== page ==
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What is Probate in Pennsylvania?

What is Probate in Pennsylvania?

Probate refers to the legal process that occurs when an individual passes away. It serves to distribute any assets to the decedent’s  family or heirs while also covering any debts left by the decedent. An experienced probate attorney, like attorney Dan Hill, is a wonderful resource to more fully understand probate. Things can get complicated without a will. Without the guidance of a will and a designated administrator or executor to distribute assets, multiple parties may make a claim upon the estate, resulting in arguments and drawn-out litigation. Therefore, it first must be determined if the deceased individual had a will prior to their passing. If so, the items of their estate get distributed based on the instructions left in the will. But if a person passes without a will, Pennsylvania probate laws will be applied to decide how the assets will be distributed.
What is Probate in Pennsylvania?

Probate Process for Pennsylvania

The appointment of an administrator or executor in Pennsylvania selects one person to responsibly handle the probate process. Since the death of an individual and the handling of their estate can be stressful and detail-oriented, the appointment of an administrator or executor can bring peace of mind to both the individual’s family and the courts.

First, Pennsylvania law requires the executor of the will to appear in court and file a petition of probate and apply for letters testamentary. In the event the deceased individual left no will, a family member can appear and seek letters of administration and be appointed as the administrator of the estate.

Both the letters testamentary and letters of administration serve to authorize either an executor or administrator as the person in charge of administering the individual’s estate. The difference? The administrator gets appointed by the court rather than the wishes of the individual’s will.

Once the personal representative has been appointed and the letters testamentary or letters of administration have been filed, the court will issue an official statement verifying the executor or administrator possesses the legal authority to act on behalf of the individual’s estate called a short certificate. The representative will then present the short certificate to any agencies involved with asset transfer or handling of benefits.

The representative will need at least one short certificate for every agency involved in the asset distribution process, which can include organizations like insurance companies, transfer agents, and banks.

Now the estate can be opened through a petition for probate. If the individual did create a will, the court will verify its authenticity, although this step can be skipped if the will was properly notarized. The petition of probate will be reviewed and, upon approval, the administrator or executor will be sworn to officiate the administration of the estate. Getting help from a qualified Johnstown probate attorney to select an executor and make a will, will alleviate the probate process.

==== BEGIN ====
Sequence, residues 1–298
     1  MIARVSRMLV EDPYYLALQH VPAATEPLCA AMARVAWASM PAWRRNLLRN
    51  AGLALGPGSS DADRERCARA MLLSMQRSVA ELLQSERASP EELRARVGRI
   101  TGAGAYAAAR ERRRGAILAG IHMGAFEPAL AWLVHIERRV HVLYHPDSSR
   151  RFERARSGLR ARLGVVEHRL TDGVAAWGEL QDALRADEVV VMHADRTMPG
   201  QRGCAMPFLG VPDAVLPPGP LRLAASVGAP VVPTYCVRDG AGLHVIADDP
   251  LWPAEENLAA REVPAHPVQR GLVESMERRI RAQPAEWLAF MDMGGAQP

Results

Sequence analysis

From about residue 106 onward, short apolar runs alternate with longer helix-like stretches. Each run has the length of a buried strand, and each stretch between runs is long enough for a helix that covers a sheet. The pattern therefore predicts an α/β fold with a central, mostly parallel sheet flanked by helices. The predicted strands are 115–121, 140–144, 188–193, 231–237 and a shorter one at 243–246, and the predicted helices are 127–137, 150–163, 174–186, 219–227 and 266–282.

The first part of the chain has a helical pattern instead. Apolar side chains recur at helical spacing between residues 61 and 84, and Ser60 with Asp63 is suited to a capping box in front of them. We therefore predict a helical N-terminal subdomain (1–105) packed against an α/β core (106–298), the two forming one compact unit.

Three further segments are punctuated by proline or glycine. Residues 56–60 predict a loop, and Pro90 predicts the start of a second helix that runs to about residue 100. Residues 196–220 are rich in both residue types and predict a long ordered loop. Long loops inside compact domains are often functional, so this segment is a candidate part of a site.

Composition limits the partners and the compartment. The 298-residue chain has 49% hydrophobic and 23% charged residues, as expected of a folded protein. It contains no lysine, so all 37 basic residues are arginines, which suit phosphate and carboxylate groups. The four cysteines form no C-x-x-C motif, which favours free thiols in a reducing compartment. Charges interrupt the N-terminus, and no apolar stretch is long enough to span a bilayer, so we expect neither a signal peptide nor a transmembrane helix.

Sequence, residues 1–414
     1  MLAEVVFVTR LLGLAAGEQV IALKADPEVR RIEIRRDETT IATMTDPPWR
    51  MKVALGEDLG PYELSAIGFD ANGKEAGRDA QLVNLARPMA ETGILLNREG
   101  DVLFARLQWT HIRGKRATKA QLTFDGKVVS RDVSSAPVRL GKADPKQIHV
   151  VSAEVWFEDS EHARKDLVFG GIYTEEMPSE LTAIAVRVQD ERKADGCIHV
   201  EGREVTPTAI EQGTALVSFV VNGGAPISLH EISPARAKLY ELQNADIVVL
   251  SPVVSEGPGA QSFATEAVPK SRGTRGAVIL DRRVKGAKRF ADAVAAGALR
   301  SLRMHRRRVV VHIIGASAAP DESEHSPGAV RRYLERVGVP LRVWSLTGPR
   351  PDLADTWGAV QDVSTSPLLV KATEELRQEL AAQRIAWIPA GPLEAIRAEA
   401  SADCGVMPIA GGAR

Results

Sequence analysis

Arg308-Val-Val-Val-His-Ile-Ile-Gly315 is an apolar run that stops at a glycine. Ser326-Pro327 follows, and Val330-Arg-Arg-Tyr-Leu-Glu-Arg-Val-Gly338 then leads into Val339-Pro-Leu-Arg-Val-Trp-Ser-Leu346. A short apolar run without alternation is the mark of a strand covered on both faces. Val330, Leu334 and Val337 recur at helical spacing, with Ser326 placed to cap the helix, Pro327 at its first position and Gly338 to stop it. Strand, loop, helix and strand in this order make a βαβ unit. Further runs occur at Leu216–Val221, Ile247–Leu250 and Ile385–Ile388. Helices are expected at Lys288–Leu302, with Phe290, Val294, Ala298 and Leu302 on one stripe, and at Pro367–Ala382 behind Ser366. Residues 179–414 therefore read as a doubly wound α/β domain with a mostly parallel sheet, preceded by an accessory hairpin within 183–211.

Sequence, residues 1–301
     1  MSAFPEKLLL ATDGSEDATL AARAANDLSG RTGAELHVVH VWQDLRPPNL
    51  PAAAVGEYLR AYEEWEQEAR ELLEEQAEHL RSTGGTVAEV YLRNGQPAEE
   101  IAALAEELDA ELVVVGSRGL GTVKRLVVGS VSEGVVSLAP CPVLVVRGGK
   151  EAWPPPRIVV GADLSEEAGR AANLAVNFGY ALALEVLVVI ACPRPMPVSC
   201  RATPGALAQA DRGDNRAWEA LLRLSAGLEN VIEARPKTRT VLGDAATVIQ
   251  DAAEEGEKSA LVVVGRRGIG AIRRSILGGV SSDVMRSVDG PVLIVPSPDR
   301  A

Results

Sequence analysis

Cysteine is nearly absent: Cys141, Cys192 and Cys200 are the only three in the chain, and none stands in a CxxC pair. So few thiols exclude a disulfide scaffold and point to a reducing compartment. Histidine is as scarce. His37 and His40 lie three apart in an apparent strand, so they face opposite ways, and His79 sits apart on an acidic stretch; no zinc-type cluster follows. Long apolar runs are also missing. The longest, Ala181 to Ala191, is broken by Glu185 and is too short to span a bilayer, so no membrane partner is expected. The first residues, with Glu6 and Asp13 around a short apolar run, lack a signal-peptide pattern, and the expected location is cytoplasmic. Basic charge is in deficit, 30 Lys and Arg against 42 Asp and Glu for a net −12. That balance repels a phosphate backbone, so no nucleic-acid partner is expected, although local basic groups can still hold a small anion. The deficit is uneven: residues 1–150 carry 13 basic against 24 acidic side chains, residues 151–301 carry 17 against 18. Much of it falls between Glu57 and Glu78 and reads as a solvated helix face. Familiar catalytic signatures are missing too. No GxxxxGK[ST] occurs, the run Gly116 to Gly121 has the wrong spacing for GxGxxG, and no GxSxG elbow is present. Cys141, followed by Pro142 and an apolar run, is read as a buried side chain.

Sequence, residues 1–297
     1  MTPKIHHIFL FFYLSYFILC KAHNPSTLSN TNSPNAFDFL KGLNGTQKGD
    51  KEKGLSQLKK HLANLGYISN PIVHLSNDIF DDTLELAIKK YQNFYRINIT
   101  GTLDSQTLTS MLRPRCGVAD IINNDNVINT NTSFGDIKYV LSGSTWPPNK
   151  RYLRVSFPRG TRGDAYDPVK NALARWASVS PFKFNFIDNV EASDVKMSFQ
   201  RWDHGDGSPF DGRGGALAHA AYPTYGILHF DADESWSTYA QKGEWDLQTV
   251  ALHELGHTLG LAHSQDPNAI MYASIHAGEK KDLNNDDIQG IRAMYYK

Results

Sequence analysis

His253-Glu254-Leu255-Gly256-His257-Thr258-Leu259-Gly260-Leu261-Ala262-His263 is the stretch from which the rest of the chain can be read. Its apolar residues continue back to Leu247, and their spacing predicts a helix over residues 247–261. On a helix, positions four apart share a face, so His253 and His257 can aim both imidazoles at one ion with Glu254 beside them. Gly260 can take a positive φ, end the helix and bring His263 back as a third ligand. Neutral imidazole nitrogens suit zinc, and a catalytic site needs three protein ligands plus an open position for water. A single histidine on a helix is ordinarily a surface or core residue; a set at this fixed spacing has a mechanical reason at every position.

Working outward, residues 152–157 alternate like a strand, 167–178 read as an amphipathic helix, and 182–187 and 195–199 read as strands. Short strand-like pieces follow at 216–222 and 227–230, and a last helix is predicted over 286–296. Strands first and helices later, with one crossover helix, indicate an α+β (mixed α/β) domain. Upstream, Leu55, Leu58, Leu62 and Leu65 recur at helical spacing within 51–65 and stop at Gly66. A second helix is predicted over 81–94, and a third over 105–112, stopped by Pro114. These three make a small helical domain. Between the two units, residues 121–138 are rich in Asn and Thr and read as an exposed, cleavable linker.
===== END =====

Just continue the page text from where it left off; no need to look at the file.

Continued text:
Notifying the Beneficiaries

The executor or administrator begins their task by notifying the individual’s heirs and everyone listed in the will, as all those people qualify as beneficiaries of the probate process.

Using a written notice form provided by the register of wills office, the representative mails the notices to the beneficiaries and files a certification of completion with the court as proof that everyone that needs to be notified has been notified. The representative will also handle the publication of legal notices to announce the estate has been opened, starting the one-year deadline for creditors to file claims against the estate for unpaid debts.

These debts can include things like creditors, taxes, and any funeral expenses accrued after the individual’s passing.

Listing the Assets

Next, the representative works to identify and assemble the assets into an inventory that gets filed with the court. This comprehensive inventory must list all the individual’s assets and their respective values at the time of the individual’s passing. In addition to funds, the assets can include real estate and insurance policies. Once again guidance from an experienced Johnstown probate attorney is often a welcome help in understanding this responsibility.

Viewing the Debts

Once the assets have been tallied and valued, the representative must address any existing debts to be paid. These debts can include any federal and state inheritance taxes, legal fees, and a commission to the representative for handling the estate business. When those debts have been settled, the remainders will be distributed to the beneficiaries and heirs.

Pennsylvania Inheritance Tax

As of January 2022, the Pennsylvania Department of Revenue lists the following Pennsylvania inheritance tax rates:

• 0 percent on transfers to a surviving spouse or to a parent from a child aged 21 or younger;
• 4.5 percent on transfers to direct descendants and lineal heirs;
• 12 percent on transfers to siblings; and
• 15 percent on transfers to other heirs, except charitable organizations, exempt institutions, and government entities exempt from tax.

Any property owned jointly between spouses is exempt from inheritance tax.    

If you have concerns about probate, creating a will, or any other estate planning, contact Dan Hill, an experienced Johnstown probate attorney with The Hill Group at (814) 245-3832 or use our online contact form.

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The Hill Group

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